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Can a Netbook Do Business?

Introduction and Conclusion

This story is going to piss just about everyone off, from the not so gentle readers among you to the makers of netbook and notebook PCs. You see, I have this fascination with netbooks as cool, lightweight, inexpensive business PCs. I’ve already written about this idea. So, why write more? Well, in this article I compare a solid netbook with a solid business notebook. The netbook is ASUS’ 1008HA Eee PC, which is also known in some circles as the “Seashell”. I wrote briefly about the Seashell a while back. The notebook is HP’s EliteBook 2530p.

The data table on the next page compares the two mobile PCs on a number of features and measures. Before turning you loose on the table, allow me to make and clarify some points. These points, if nothing else, might keep you from wasting energy getting pissed off about the contents of the table. Also, aside from the table, the rest of this page is all there is. I've rolled the introduction and conclusion into a nice single page ball. So, please seriously consider reading on.

The EliteBook 2530p defines the small business notebook genre. It is extremely well made and rugged for a portable PC. Like an airplane it has an aluminum skin wrapped around a magnesium frame, as opposed to the plastic frames and outer skins found on most netbooks. It’s also filled with strong security features and a much faster Core 2 Duo processor, instead of the old netbook standbys, the Atom N270 or N280 or VIA equivalent. The 2530p’s graphics processor is more powerful than the 1008HA Eee PC. It also has more memory and lots of networking capability, including broadband with support for the new Gobi network-technology agnostic standard. And, the 2530p can be had with a real 3 year business computer warranty, which shows HP's confidence in the components the EliteBook is built from.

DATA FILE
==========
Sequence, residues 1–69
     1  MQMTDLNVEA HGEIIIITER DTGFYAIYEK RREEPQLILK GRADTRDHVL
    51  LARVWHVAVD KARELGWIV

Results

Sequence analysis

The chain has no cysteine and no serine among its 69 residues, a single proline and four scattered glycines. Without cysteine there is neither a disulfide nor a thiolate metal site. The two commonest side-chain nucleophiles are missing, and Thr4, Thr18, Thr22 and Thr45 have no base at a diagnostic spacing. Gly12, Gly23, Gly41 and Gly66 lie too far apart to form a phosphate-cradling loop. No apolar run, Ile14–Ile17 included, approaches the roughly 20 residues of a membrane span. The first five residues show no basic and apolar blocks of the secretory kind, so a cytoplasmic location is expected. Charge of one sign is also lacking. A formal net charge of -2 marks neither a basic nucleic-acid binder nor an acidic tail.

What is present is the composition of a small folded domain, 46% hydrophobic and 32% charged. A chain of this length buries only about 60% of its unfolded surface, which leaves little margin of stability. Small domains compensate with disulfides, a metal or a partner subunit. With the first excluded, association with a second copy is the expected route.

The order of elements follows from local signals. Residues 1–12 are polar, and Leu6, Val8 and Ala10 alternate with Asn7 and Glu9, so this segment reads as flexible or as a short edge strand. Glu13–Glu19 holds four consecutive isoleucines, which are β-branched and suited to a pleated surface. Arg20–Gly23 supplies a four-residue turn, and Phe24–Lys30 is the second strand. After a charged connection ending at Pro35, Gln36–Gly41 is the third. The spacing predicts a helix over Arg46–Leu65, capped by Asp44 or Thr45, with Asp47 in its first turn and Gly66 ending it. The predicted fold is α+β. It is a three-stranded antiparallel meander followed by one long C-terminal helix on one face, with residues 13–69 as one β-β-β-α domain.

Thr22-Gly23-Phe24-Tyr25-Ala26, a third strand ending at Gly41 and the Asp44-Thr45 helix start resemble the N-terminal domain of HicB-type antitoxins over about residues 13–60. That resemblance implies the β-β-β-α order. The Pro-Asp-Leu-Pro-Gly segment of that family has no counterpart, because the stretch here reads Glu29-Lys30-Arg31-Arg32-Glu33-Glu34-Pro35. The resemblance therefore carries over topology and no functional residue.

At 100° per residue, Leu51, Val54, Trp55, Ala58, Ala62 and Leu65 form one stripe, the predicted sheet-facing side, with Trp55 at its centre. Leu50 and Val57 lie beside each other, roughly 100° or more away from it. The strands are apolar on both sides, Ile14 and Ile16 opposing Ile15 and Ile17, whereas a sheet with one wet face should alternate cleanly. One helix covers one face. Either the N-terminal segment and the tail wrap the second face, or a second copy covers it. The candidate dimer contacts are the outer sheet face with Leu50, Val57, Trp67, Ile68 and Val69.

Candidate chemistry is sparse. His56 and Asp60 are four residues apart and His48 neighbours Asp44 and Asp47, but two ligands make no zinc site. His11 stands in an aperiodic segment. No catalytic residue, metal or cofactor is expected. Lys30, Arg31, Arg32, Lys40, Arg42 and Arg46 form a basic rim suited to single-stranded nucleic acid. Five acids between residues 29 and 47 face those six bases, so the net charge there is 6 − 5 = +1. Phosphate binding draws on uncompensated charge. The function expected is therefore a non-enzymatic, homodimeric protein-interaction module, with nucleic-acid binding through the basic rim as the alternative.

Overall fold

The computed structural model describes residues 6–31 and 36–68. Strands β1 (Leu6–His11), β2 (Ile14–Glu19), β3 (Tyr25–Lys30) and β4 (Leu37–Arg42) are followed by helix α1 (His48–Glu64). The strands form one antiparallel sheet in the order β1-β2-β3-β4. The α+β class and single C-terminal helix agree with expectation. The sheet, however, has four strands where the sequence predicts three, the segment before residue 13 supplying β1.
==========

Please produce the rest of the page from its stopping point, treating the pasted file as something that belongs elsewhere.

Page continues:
The 1008HA has a couple of unique design features or flaws, depending on what you plan to do with it. In order to achieve a sleek, really thin seashell-like design, ASUS chose to pretty much seal the netbook so that end-user access to the computer's innards is pretty near impossible, at least without clear instructions for opening the case or breaking something. Though, it might be comforting to know that inquiring minds are less likely to fiddle with internal components, IT staff aren't going to be happy being unable to easily add another gig of memory or replace broken disk drives. I didn't have the nerve to try to open the case beyond removing the four exposed screws. The case still didn't open at that point and I could see a number of case and motherboard parts that were stymying my efforts to get inside.

Another feature or flaw of the ASUS' case design has to do with the flimsy plastic doors that cover the I/O ports. They are going to break off as many users struggle to open them wide enough to shove USB cables or devices into the slots. I have a rather thick Corsair 32 GB USB flash memory device. It wouldn't fit into the narrow space left after the door was open. I don't expect it would fit in even if I removed the door. I had to use a USB extender cable to connect the Corsair device to the 1008HA.